Holding a high-quality, high-volume (HQHV) spay and neuter clinic is one of the best ways to improve the lives of as many cats as possible. In assembly line fashion, stations help guide a cat from trap to anesthesia and through surgery to other necessary treatment areas. HQHV spay and neuter clinics are a critical part of Trap-Neuter-Return (TNR), the humane, effective approach to community cat populations.The following information outlines Alley Cat Allies’ tried-and-true approach to running a HQHV spay and neuter clinic. Keep in mind, though, that there are many different approaches to a successful spay and neuter clinic. Adjust this outline and its stations as necessary to fit your own resources and needs.
Alley Cat Allies has decades of experience working with veterinary experts. Our goal is to ensure veterinary professionals have the accurate, current, and specialized information they need about cats from all walks of life and to bring their attention to the big issues impacting cats. Veterinary professionals have a uniquely powerful voice that is critical for advocating on cats’ behalf. Alley Cat Allies is here to help streamline that advocacy. Learn more at alleycat.org/Veterinarian.
When trappers or caregivers bring community cats to the clinic in humane box traps, assign each cat her own number and print that number on two tags. Secure one tag to the trap. The other, called the cat tag, will be tied to the cat’s paw (a rubber band works great) after she is anesthetized. Until that time, you can tape the cat tag to the trap to be used after anesthesia kicks in.
Our Cat Clinic Tag can help ensure that both trappers or caregivers and clinic fully understand the expectations for this visit and the needs of each cat.
At this time, cats should be scanned for a microchip. The microchip ID can be recorded on the cat tag, and the microchip can be scanned at each step of the spay and neuter process to ensure you are treating the right cat. Learn more at alleycat.org/PlanToScan including how to scan community cats for microchips.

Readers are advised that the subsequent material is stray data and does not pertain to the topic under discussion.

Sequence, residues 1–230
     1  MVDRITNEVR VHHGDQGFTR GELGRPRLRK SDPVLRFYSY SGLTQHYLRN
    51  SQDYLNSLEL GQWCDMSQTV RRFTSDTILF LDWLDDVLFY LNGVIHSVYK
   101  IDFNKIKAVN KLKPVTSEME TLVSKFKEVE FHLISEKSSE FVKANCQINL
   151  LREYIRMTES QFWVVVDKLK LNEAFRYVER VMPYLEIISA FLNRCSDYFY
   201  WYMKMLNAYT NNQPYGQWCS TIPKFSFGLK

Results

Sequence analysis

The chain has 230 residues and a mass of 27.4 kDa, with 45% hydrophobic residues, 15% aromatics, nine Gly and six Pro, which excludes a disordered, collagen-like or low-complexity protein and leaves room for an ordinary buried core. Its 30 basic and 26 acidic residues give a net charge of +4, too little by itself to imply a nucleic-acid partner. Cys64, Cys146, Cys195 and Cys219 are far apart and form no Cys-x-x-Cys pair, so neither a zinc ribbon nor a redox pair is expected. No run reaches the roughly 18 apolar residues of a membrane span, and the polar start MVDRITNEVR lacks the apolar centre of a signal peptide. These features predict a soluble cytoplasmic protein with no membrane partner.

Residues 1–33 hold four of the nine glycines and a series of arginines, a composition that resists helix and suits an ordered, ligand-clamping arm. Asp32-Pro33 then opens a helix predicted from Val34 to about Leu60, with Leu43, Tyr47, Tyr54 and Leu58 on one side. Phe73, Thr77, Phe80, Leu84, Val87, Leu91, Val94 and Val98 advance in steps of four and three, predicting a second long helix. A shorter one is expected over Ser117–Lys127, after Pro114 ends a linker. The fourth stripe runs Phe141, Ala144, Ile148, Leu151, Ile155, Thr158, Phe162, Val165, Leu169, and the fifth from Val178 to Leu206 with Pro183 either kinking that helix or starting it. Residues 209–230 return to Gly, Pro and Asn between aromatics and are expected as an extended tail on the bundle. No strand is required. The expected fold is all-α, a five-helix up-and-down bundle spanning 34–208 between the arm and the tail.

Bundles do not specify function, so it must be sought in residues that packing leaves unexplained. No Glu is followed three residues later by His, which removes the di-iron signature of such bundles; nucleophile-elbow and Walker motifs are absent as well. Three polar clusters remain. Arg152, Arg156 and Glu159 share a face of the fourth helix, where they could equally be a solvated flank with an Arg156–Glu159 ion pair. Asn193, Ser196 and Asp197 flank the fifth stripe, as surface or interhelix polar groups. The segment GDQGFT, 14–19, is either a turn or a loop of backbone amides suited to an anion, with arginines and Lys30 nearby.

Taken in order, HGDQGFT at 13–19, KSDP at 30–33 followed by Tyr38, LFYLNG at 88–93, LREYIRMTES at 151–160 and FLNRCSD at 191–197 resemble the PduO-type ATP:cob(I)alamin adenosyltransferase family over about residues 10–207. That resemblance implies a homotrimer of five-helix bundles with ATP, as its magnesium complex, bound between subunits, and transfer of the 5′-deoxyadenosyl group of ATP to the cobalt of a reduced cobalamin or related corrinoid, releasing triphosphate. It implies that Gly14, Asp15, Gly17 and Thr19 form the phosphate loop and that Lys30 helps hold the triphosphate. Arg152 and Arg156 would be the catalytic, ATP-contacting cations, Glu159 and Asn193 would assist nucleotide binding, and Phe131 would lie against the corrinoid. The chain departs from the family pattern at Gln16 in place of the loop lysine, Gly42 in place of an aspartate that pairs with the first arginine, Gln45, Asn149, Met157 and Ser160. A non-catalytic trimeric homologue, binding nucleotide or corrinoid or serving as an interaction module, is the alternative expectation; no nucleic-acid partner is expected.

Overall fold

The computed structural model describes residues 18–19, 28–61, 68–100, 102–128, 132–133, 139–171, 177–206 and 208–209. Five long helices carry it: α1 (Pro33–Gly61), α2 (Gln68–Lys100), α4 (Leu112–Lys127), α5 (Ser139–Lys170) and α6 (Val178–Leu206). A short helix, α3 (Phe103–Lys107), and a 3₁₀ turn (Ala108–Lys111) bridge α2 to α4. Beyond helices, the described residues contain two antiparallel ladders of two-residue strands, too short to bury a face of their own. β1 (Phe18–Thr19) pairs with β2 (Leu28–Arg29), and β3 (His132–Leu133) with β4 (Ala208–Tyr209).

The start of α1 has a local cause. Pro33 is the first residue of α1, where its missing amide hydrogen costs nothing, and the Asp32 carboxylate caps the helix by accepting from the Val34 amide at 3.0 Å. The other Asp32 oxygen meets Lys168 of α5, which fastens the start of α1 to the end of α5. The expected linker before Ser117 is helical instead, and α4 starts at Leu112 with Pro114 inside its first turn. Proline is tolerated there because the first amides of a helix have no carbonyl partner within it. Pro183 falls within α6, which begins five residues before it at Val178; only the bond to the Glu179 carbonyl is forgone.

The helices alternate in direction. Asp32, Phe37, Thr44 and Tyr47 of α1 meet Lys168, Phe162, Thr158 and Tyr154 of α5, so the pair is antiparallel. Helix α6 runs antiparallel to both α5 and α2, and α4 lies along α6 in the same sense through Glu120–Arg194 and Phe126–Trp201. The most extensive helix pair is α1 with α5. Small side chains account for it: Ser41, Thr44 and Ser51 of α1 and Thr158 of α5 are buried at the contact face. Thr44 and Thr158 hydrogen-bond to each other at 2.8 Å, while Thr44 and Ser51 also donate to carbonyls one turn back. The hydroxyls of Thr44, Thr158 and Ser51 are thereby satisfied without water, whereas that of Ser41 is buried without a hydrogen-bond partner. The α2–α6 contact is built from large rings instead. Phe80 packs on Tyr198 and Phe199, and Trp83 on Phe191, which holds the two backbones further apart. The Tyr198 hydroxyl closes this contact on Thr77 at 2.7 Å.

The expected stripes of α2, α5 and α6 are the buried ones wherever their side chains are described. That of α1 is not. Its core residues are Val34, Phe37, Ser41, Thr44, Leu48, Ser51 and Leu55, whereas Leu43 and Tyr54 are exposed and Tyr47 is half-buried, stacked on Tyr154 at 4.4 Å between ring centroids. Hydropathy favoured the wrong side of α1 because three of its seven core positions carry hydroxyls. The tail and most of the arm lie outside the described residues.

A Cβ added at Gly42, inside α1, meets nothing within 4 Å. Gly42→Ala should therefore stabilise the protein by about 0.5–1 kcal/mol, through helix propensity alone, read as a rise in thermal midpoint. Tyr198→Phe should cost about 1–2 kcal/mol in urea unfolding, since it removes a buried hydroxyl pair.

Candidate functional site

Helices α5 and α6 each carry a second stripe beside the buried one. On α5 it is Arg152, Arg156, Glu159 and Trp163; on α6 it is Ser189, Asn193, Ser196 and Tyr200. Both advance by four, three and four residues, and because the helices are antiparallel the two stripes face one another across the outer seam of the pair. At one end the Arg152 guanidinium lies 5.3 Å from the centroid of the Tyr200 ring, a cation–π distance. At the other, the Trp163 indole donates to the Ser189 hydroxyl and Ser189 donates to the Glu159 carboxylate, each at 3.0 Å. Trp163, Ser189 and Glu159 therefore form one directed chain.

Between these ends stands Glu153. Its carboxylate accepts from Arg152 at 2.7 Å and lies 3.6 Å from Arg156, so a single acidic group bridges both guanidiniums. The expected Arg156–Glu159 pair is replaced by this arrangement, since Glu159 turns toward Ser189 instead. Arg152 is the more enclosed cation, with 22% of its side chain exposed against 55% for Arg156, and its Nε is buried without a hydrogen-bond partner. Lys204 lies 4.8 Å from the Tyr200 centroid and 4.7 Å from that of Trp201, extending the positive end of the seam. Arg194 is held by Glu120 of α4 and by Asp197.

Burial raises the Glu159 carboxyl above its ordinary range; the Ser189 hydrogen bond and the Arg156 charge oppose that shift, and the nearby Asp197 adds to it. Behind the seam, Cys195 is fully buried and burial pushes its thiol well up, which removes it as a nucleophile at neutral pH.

Once a cat is deemed healthy enough for surgery based on their physical state, take them to the anesthesia station. Use an “isolator,” (see alleycat.org/Equipment) to guide her toward one end of the trap. This restricts the cat’s movement so that the licensed veterinary technician can inject an anesthesia combination called TKX (telazol, ketamine, and xylazine) directly into the muscle.
After TKX has been administered, leave the cat in the trap and monitor her until she is fully unconscious. Then, carefully take her out of the trap and attach the cat tag to her paw.
The cat tag must stay with the cat through every clinic station, and every medication administered to each cat must be recorded on the cat tag. Also record the amount of TKX administered in the Anesthesia Log.
Express the cat’s bladder carefully and evaluate the sex and health of the cat. Check off “male” or “female” on the cat’s tag. The veterinarian will complete a full physical exam once the cat is under anesthesia.
At the Prep Station, the veterinary technician injects Metacam, a pain killer, subcutaneously, just under the skin, and records the dose on the cat tag.
Because cat’s eyes may dry out under anesthesia, apply a lubricant to keep them moist.
One technique for holding female cats in place for surgery is the use of spay- boards. These are special boards that hold the female cats in the correct position for surgery. Learn how to build your own spay board using Alley Cat Allies’ spay board design instructions here at alleycat.org/SpayBoard.
Shave the female cat’s surgical site and sterilize the area with betadine and alcohol. Administer betadine and alcohol alternately three times starting from the point where the incision will be made and moving out in a circular pattern, purposefully never doubling back over the incision site.
If the prep station gets ahead of the veterinarians completing surgeries, the cats wait in the order in which they were prepped for surgery until a veterinarian is available. This ensures that veterinarians are never waiting for patients and takes full advantage of the veterinarians’ time.